In an era where there was still no sign of streaming platforms nor cell phones, Linda Simpson documented with her camera one of the moments that would go down in history. We are talking about the New York drag scene of the late ‘80s and early ‘90s, in which artists like RuPaul made their debut on the stage, long before starring in the acclaimed TV show now broadcast around the world. From backstage moments prior to acting, to snapshots of hectic nights at the Pyramid Club, they are all collected in Simpson's new book, The Drag Explosion.
She witnessed how the drag scene ceased to be unknown to become a revolution in which the media and society as a whole became interested. Its epicentre? The East Village, where Linda says that "a rebellious drag sensibility" could be felt in the atmosphere. The multi-faceted queen and promoter of some of the most iconic parties experienced that rise first-hand with friends like Lady Bunny or Candis Cayne, among many others, at a time when they were treated as VIPs. "We were all creatures of the night and we respected each other," she explains. Now, she shows us the ups and downs through her memories seen in her photographs, bringing us closer to an unrepeatable time. "I think it's all about making history available to people, including my book."
Linda, more and more media are referring to you as the great "drag documentarian." How do you feel about this term?
I’m perfectly fine with it. My focus is mainly the late '80s, when I started doing drag, to the mid ‘90s.
You've been doing The Drag Explosion slideshow for the past few years. A format that brings us closer to the New York drag scene from the late ‘80s to mid ‘90s through photography. At what point did you decide to collect all these images and create this initiative?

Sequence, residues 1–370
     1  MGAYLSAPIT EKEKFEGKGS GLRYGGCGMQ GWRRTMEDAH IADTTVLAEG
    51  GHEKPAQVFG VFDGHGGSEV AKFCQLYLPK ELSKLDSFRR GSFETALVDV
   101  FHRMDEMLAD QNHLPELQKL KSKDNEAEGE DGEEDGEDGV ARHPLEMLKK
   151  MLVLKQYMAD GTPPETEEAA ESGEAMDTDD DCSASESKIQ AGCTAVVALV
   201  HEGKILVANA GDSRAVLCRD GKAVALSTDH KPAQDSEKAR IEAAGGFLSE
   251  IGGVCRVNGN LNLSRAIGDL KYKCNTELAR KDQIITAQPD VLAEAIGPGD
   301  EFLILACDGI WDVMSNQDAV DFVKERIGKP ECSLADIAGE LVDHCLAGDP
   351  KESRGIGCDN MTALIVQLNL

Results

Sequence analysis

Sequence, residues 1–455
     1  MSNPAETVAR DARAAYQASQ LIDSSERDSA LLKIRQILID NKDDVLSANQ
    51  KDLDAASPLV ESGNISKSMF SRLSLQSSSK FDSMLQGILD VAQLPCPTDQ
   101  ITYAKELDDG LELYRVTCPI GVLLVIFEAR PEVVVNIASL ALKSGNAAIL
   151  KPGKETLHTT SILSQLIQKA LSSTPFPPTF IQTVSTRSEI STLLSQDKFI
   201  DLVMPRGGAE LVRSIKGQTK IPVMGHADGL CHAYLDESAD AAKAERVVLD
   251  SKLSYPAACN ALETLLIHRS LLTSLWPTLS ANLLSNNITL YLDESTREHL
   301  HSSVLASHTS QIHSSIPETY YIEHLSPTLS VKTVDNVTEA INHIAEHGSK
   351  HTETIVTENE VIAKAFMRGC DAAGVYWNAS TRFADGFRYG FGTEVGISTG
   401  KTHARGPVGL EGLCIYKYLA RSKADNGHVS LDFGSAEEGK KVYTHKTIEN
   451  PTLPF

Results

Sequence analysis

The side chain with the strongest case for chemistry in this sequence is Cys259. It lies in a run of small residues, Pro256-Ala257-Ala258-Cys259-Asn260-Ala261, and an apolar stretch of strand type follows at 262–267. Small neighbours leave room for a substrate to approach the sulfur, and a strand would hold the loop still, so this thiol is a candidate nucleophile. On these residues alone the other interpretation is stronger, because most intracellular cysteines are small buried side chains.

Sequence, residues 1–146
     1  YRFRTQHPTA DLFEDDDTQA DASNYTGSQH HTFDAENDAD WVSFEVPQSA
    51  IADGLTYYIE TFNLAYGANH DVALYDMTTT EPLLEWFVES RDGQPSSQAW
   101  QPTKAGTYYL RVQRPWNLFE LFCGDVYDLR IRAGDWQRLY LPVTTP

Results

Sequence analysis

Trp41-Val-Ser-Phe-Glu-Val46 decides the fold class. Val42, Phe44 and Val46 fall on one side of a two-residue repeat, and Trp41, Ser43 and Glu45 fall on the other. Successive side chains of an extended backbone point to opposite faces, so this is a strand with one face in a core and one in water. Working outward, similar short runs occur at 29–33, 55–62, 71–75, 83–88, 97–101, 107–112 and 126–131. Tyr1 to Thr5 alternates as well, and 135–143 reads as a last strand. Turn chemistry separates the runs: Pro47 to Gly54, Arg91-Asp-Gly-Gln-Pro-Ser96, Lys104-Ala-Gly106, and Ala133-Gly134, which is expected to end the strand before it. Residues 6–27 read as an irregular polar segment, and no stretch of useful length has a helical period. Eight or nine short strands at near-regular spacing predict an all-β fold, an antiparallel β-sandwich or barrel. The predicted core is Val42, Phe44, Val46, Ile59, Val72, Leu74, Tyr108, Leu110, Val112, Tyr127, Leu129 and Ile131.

Although I had always appreciated my photos, it wasn’t until about 10 years ago that I realized they would make for a good time capsule. I put many of my shots in a slideshow format that I could present to audiences. The format has changed somewhat over the years but now it’s pretty much locked in. Besides New York, I’ve shown my photos in Los Angeles, San Francisco and Copenhagen.
To me, the most curious thing is that you never took photos with any other intentions other than having fun, as you have said before. And your friends from the drag and club kid scene appear in them, in a joyful and inspiring atmosphere. How do you remember this time?
One thing that’s important to remember is that my pictures are B.C.– before cell phones. Back then, when people went out, they weren’t concerned about always posing for the camera and trying to get a perfect shot for Instagram. The people in my photos were just out to have fun, and I think that’s why they exude a certain freshness.
The extravagant looks and edgy makeups present in your photos contrast the naturalness and complicity that we see in the expressions of those portrayed. Would you say that this moment was unique and unrepeatable? What did the irruption of the drag scene in New York mean?
The era was very momentous because drag became such a vital part of NYC’s nightlife, and then it broke into mainstream culture. It was a very exciting time to be a drag queen because we were in demand, including being offered plenty of work. A lot of the general public was discovering drag for the first time.
And more specifically in the East Village, which you have referred to as "unique compared to the rest of the world." What made it so special?